• email
  • share

Appellate Court Holds that Due Process Prevents Partners From the Same Law Firm From Serving as Adviser and Advocate on Contested Hearings

The Second District Court of Appeal, in Sabey v. City of Pomona (B239916), remanded a decision related to discipline of a police officer on the basis that his due process rights were violated  when one partner from a law firm represented the Police Department in the officer’s arbitration matter, and a different partner from the same firm represented the city council in the officer’s appeal of his termination.  Even though there was no evidence of bias, the court believed the risk of bias, when two partners from the same firm were involved in different levels of the contested hearing, “too high to be acceptable under constitutional principles.”  As explained by the court, “[t]he rule we announce is simple.  Agencies are barred from using a partner in a law firm as an advocate in a contested matter and another partner from the same law firm as an advisor to the decision maker in the same matter.”

Due process requires impartiality in administrative hearings, and prevents an attorney from performing dual roles in contested quasi-judicial hearings such as administrative, disciplinary or code enforcement hearings.  Based on that principle, agencies have used one attorney to represent the agency in an administrative hearing, while allowing another attorney to represent the board that reviews the  decision stemming from that hearing.  This approach was permissible as long as there existed “assurances that the adviser for the decision maker is screened from any inappropriate contact with the advocate.”  (Howitt v. Superior Court (1992) 3 Cal.App.4th 1575.)  “Ethical walls” were set up by law firms in order to comply with Howitt and to ensure an attorney did not communicate about the matter or access the files of the other attorney participating in the matter.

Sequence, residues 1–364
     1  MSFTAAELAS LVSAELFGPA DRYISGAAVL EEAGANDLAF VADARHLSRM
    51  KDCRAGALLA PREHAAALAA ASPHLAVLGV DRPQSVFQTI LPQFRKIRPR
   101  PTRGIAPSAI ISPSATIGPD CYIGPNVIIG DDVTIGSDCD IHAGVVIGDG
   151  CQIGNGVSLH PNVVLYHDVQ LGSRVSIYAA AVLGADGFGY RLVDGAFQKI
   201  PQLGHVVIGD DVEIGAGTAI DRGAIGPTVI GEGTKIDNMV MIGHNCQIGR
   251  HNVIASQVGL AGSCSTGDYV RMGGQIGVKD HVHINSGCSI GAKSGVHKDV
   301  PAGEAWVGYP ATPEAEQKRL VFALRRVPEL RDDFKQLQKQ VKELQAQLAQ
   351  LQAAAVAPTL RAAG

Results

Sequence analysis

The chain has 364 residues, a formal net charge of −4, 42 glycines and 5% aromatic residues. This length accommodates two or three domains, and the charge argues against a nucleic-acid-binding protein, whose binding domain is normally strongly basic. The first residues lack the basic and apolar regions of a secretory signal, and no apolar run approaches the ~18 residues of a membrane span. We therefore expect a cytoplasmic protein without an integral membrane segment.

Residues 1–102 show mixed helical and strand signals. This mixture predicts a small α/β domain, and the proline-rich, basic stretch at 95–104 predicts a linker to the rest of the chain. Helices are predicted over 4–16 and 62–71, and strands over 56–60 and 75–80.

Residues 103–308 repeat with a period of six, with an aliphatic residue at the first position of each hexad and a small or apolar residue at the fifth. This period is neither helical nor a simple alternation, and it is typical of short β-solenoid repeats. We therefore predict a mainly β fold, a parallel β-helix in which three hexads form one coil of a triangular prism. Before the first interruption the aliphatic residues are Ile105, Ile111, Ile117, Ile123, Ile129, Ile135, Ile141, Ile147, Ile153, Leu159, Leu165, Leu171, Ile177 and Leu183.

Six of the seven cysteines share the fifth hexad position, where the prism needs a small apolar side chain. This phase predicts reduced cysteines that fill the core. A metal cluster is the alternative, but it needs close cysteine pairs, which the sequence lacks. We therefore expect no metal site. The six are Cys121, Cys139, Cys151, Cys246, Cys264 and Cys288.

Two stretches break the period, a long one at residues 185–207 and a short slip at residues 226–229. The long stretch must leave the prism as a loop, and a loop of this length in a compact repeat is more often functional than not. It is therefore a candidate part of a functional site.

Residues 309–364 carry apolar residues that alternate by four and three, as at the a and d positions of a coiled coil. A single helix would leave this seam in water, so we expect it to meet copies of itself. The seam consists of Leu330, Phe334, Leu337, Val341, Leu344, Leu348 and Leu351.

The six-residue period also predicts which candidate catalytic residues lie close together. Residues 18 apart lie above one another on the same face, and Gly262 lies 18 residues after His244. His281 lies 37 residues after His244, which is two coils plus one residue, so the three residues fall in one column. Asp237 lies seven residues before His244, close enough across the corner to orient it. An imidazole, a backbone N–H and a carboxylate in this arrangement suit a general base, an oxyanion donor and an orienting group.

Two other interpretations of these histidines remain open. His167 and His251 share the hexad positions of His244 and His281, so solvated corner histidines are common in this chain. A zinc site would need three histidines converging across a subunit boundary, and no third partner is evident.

The Sabey decision eliminates the ability of partners in private law firms from relying on Howitt, finding that unlike government attorneys who are directly employed by the agency, partners in a private law firm are fiduciaries who have incentives to increase business and to build the reputation of their employing firm.  According to the court, when a partner reviews a decision of the lower body represented by a partner, the attorney “consciously or unconsciously” may  seek to validate the job done by his/her partner.  The Sabey decision does not impact attorneys who are direct employees of local agencies from relying on Howitt and setting up ethical walls.  The Sabey  court did not address the ethical duty each attorney has to his/her clients.

The Sabey court relies on the fact the two attorneys in this matter were “partners” in a law firm, and based on general business principles of “partnership,” each partner owed a fiduciary duty of loyalty and care to the other partner.  However, regardless of an attorney’s title with a private law firm, this due process argument is likely to be raised by permit applicants, employees subject to discipline and other members of the public when attorneys from the same firm participate in two capacities in a contested quasi-judicial matter.